Up Inside Historic Dinosaurs

Written by Dr Emma Nicholls, Deputy Keeper of Natural History at the Horniman Museum and Gardens.

On the 15th September of this year, I decided to fight my urge to avoid the weekend trains and travelled across London to Crystal Palace Park. Oh my word am I glad I did, it was the best day out ever! They were holding a weekend of Dinosaur Days (the D-word being the second most likely thing to get me out of bed, after the R-word*) which encompassed a number of presentations/talks and some guided tours of the islands, normally off limits to the public. These islands are home to life-size models of dinosaurs, pterosaurs, marine reptiles, and a few prehistoric mammals, that were created in 1854. What makes these 150+ year old animals particularly exceptional, is that they are ginormous, detailed, awe-inspiring, physical historic ‘monuments’ to extinct megafaunas. What I mean to say, is that they are giant physical snapshots of what scientists in the mid 1850’s thought these animals would have looked like. Jurassic Park wouldn’t be out for another 139 years** so scientists had to use what few bones had been found by that point (the term ‘Dinosauria‘ was only coined in the early 1840s) to recreate this prehistoric world.

Even now, with all our technological advancements and over 150 years of extra fossil discoveries since the so-named ‘Dinosaur Court’ was built, us palaeontologists still can’t be 100% sure of what they looked like in life. For species with the more complete skeletal discoveries, such as Iguanodon, we can be fairly certain of many aspects of the animal’s anatomy and morphology (skin-tone and cartilaginous elements are more tricky), whilst other species remain more elusive. In the 1850s, it was thought that Iguanodon was an obligate quadruped with a spike on the nose (rather than the thumbs). Their appearance, like their name suggests, was thought to be akin to a modern iguana.

A sun-bathing Iguanodon. Or is that ‘giant iguana’? © E Nicholls.

An amazing presentation by palaeoartist Mark Witton demonstrated the extensive and diverse scientific research that artists use when creating palaeoart. Much more than aesthetic images, palaeoartists create scientifically backed reconstructions that are key to our understanding of past ecosystems. Another talk was by the ridiculously prolific Darren Naish, of TetZoo, called The Dinosaurs of Crystal Palace: Among the Most Accurate Renditions of Prehistoric Life Ever Made, now in blog format for you to read for yourself. The article does a fantastic job of providing extensive detail about the animals, their surroundings, and the history of the Park, so I won’t repeat it here. However, in case you don’t make it over there, one nugget of information which I think you definitely should know is that these statues are Grade 1 listed! They are an irreplaceable national treasure and a key puzzle piece in the history of palaeontology and science, as well as the history of London itself. Queen Victoria and Prince Albert were regular visitors in their day, and many famous names are attached to the history of these statues.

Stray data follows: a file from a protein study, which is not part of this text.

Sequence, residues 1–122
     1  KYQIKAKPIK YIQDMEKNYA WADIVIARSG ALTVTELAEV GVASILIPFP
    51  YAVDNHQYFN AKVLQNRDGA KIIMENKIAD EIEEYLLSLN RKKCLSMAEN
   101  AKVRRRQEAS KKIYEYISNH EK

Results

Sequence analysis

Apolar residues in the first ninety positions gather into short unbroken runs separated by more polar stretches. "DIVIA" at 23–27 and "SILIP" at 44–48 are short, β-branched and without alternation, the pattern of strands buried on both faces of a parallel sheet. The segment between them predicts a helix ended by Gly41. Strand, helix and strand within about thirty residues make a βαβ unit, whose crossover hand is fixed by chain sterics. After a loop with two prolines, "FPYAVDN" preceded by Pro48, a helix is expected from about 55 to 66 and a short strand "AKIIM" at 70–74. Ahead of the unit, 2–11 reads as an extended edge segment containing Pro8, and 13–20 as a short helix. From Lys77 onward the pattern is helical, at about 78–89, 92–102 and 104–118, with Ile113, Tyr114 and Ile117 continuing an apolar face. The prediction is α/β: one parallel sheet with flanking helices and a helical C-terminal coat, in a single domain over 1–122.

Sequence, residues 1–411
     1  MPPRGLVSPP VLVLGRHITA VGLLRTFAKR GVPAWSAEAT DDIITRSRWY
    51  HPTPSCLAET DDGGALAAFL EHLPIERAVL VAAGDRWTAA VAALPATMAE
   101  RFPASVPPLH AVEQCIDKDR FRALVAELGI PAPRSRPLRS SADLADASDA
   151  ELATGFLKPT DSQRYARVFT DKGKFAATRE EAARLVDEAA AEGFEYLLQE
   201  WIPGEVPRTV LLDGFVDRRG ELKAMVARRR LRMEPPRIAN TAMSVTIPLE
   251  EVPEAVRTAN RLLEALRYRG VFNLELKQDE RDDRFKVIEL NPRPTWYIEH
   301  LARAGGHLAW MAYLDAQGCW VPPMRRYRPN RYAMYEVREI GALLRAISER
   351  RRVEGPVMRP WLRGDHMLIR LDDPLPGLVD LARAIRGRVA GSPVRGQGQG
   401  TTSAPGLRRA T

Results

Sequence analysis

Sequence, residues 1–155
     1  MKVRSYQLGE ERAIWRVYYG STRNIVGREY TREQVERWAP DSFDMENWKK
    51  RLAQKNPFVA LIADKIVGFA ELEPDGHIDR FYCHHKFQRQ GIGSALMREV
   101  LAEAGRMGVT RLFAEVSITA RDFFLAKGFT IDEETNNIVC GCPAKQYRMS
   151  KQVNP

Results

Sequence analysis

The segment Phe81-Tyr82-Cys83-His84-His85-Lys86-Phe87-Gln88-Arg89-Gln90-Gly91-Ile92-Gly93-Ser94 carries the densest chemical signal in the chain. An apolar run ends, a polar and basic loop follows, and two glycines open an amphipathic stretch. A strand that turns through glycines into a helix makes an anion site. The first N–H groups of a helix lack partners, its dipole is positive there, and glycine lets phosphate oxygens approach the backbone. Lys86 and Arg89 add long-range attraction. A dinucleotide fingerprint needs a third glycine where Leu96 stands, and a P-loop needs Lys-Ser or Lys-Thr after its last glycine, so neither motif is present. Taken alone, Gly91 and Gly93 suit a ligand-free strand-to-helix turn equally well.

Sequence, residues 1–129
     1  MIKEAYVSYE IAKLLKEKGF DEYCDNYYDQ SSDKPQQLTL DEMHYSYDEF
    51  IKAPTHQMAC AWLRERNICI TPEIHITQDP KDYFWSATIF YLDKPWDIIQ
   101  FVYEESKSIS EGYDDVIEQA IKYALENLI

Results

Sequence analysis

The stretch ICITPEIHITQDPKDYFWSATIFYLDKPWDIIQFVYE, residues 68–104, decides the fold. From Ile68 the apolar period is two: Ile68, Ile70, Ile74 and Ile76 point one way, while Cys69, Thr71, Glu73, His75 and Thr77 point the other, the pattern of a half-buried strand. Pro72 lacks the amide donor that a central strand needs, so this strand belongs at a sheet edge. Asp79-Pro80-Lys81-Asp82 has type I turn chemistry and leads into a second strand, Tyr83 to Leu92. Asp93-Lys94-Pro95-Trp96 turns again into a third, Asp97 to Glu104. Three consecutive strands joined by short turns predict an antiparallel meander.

Darren Naish wowing audiences on his tour of the Crystal Palace Park islands, at the ‘Dinosaur Day’ event in September 2018. © E Nicholls.

The huge, listed statues are built primarily of brick with huge metal supporting rods inside. How do I know? Being a scientist I had to check it out for myself, which resulted in what is possibly my best profile picture of all time:

It’s not every day you get to put your head up an Iguanodon. © E. Nicholls / G. Witton-Maclean.

The dinosaurs, pterosaurs, mammals and marine reptiles are free to visit and to my personal daily delight, are visible from my train to work (in the winter at least, when excessive foliage along the tracks doesn’t ruin everything). The fact that they are free is superb and makes them a gem in London’s crown which is accessible to everyone. On the other hand however, this means there is zero money coming in to maintain them. Sadly, miscreant whipper snappers occasionally climb their way (over fences and along the tiny plank-like bridge) onto the islands and vandalise the statues, meaning they need even more conservation and protection than that required due to just weather and the passage of time. A couple of the smaller statues have even been stolen; /shakes head at the Homo sapien species in general/. The good news is that the Friends of Crystal Palace Dinosaurs have come up with a plan to raise funds, which is to create a proper bridge, to enable them to lead tours onto the island; for the public, schools, etc, to enthuse, enthral, and educate. The bridge will presumably be as secure as it can be to deter vandals, but in the summer months they can walk across the lake anyway, which dries up in the summer sun. So a way to increase cash flow is desperately needed. Due to the importance of these wonders and the urgent need to protect them, the Geological Curators’ Group asked their members for permission to make a donation to this cause, which was emphatically agreed at the AGM last week. There is an auction with items ending over the next few days, but anyone can donate straight to the cause; the closing date is this weekend though so, in case you’re interested, I’m just going to leave this here: https://www.spacehive.com/bridges-to-the-crystal-palace-dinosaurs

* We all have our passions, mine is the rhinoceros

** And we all know how accurate those dinosaurs are

3 thoughts on “Up Inside Historic Dinosaurs

  1. Well done Emma. Excellent and informative article by a renowned expert in her field, along with some wonderful pictures. I first visited the Crystal Palace dinosaurs in 1962 and still have my copy of the official souvenir pamphlet entitled ‘150,000,000 B.C’ (published by the London County Council) to prove it.

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